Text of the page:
Women still losing out, here and abroad

Women still losing out, here and abroad


One day a year women’s issues take centre stage-8 March, International Women’s Day. It seems the rest of the year we are less visible. When the new member for Bennelong, Maxine McKew, made her maiden speech to Federal Parliament, she drew attention to the continuing inequities women faced in the workforce and the impact this had on their quality of life.

Women too often carry the burden of social inequities, according to Union Aid Abroad’s Catherine Coorey. ‘Of the world’s poorest people, it is estimated that 70% are women.

‘The reasons for this are many, but Union Aid Abroad is working to redress this appalling gender imbalance, with almost three-quarters of our projects aimed at improving opportunities for women and, by doing this, improving their families’ lives too.

‘We work with local women’s groups to best deliver programs that women really want,’ she said.

Here are a few of Union Aid Abroad’s projects that focus on women:

* EAST TIMOR–Literacy Education for rural women. Around two-thirds of adult women in East Timor have never attended school. Consequently, most rural women over 50 years of age are functionally illiterate. Union Aid Abroad has been assisting a women’s organisation, the Grupo Feto Foins’ae Timor Leste, (GFFTL) to conduct literacy and income generation training for these women.

* VIETNAM–Countering the Trafficking of Women. The combination of rural poverty and the increased demand for women in China have made Vietnam a ‘catchment’ area for trafficking. This is especially the case for women and children in Hai Duong, close to the Chinese border. Women in Hai Duong are recruited by promises of a better life, a lucrative job, or marriage to a wealthy man. Working with the Hai Duong Women’s Union, this project aims to alert the community to the realities of trafficking, and assists women who have returned from being trafficked to rebuild their lives.

* LAOS–Skills training for women. Laos is one of the poorest countries in Asia. With the Lao Women’s Union, Union Aid Abroad support economically disadvantaged women in acquiring skills such as tailoring, food processing, fish and frog raising and hairdressing that can assist them to generate income to support their families.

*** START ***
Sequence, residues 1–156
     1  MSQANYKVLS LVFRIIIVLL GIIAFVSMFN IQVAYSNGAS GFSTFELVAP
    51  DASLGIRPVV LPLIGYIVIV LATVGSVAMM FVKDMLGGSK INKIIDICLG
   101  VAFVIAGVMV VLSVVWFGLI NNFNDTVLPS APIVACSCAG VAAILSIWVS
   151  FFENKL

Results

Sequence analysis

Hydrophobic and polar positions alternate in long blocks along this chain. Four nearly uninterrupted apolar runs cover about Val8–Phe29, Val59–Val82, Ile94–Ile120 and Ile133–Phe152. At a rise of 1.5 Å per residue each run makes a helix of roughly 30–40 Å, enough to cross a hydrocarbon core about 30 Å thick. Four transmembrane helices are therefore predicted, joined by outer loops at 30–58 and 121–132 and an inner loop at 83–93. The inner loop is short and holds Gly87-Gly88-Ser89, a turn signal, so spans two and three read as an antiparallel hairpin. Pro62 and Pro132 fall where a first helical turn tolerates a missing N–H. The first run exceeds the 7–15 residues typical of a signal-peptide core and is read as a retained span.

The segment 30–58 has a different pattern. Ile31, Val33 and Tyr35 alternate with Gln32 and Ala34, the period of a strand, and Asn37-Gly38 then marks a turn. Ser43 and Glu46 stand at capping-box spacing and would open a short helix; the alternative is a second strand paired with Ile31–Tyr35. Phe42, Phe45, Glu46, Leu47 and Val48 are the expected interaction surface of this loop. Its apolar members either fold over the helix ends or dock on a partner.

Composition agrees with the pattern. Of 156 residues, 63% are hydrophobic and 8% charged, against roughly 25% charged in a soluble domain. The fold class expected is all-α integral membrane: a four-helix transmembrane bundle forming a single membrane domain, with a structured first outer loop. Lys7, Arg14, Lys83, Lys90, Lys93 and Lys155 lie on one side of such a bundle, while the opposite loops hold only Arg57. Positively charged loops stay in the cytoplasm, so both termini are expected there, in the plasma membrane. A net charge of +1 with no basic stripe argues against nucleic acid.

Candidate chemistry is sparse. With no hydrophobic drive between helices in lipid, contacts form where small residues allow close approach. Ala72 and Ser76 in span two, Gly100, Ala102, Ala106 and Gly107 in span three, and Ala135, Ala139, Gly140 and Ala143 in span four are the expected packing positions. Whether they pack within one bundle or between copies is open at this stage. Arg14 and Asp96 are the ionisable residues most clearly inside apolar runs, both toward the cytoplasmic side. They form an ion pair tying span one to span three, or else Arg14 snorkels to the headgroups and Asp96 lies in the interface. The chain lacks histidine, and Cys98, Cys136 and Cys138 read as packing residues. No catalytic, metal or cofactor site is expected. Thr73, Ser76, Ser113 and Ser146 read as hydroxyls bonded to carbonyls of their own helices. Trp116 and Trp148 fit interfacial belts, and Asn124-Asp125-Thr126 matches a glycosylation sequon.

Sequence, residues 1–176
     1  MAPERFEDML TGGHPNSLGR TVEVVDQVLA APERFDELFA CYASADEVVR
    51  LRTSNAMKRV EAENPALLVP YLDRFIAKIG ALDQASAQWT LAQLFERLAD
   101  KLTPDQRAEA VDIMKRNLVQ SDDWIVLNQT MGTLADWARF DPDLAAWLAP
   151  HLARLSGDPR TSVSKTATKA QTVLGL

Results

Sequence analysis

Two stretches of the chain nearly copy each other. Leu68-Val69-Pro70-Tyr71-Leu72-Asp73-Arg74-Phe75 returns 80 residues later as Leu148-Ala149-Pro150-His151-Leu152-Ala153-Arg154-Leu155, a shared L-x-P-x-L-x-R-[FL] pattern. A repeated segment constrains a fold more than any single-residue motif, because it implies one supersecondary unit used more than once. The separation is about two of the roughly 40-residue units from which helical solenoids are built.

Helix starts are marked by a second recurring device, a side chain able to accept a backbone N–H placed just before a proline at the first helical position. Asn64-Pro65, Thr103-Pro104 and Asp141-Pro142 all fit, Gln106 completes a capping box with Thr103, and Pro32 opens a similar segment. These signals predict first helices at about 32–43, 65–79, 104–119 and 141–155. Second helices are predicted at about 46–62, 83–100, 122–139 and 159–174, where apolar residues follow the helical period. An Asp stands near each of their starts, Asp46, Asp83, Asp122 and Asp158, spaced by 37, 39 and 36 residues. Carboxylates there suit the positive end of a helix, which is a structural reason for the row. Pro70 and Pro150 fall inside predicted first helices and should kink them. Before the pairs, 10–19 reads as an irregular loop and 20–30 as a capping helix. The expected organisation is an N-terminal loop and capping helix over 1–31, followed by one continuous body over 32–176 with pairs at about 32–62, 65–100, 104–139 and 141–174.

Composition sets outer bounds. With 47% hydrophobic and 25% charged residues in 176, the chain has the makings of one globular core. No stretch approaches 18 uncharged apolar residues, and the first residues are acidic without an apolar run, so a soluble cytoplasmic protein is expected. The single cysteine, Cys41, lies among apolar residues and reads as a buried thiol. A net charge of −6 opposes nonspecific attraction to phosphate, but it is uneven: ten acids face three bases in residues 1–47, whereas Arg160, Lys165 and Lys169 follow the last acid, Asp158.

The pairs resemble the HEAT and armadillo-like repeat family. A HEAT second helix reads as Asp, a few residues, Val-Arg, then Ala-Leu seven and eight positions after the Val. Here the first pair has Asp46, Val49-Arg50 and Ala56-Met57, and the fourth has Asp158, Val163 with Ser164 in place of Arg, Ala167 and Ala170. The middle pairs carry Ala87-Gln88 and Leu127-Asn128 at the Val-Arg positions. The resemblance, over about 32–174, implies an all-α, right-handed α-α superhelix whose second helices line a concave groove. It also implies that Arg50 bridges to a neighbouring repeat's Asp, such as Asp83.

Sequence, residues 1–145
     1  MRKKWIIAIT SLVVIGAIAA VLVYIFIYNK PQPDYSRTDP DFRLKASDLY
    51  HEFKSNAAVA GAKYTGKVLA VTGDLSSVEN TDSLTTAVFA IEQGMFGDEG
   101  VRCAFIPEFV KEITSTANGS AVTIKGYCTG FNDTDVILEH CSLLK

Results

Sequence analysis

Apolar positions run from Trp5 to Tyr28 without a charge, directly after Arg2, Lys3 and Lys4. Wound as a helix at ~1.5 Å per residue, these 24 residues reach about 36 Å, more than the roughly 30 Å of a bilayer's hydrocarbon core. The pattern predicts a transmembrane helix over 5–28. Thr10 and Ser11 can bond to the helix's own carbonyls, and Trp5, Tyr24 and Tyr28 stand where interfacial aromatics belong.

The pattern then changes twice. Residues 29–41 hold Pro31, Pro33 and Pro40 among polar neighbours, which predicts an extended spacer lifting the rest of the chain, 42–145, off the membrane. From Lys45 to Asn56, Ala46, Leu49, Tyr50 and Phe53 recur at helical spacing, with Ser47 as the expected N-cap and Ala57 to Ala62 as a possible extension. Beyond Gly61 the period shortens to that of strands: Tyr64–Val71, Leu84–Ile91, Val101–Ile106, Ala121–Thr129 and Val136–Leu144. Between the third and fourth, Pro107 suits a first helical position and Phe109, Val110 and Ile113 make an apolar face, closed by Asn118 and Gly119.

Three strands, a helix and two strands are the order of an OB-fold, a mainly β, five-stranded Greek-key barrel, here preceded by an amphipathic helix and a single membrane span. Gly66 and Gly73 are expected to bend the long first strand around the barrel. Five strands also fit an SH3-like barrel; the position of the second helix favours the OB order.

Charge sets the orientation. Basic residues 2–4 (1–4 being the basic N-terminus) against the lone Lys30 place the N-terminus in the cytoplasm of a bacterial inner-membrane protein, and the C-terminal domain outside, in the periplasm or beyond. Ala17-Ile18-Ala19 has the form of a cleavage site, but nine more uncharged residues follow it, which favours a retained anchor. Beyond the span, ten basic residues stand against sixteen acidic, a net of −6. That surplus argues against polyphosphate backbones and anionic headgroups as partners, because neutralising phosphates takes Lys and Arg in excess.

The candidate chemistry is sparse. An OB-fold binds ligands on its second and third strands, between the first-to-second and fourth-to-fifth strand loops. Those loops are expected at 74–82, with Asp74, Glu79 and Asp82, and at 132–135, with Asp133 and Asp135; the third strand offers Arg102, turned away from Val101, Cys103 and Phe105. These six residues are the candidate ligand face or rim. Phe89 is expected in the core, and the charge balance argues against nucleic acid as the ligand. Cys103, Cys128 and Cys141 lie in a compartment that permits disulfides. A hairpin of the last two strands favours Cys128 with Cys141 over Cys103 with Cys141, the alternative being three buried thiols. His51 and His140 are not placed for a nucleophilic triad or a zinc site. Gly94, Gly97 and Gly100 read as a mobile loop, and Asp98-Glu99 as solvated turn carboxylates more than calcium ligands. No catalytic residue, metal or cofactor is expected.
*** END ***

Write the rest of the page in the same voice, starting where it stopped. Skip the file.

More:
* ZIMBABWE–‘Moving Kitchens’ project with AWC. We support the Association of Women’s Clubs in getting desperately needed food to women and children and those displaced by political violence or excluded from receiving food aid by the ruling party. AWC can reach vulnerable communities where local women arrange collective cooking and distribution. The kitchens move each day to avoid government interference.

* INDONESIA, ACEH–Skills training. Union Aid Abroad-APHEDA is working with local partners in Aceh to provide vocational skills and small business management training to men and women affected by the 2004 tsunami and the decades-long military conflict. Vocational training courses include tailoring, embroidery, sewing machine maintenance and repair, fish processing, wedding set making, organic agriculture, literacy and handicraft.

* LEBANON–Early Childhood training for Palestinian refugee children. Union Aid Abroad support the Women’s Humanitarian Organisation’s early education centre in Burj el Barajneh refugee camp in Beirut. The Centre enables mothers to go to work and provides children with the best start for their education–Palestinian refugee children must be literate in Arabic, English and basic maths by age 6 in order to attend UN schools.

NSWNA Assistant General Secretary Judith Kiejda said the NSWNA strongly supports Union Aid Abroad’s projects, including a $2,000/ month contribution to the project in Aceh.

‘NSWNA members can remember women all year round by supporting these or our other projects. Or you can join up to become a regular monthly donor–a Global Justice Partner,’ said Catherine.

To support Union Aid Abroad’s projects or become a Global Justice Partner, go to www.unionaidabroad.org.au

COPYRIGHT 2008 New South Wales Nurses Association

COPYRIGHT 2008 Gale, Cengage Learning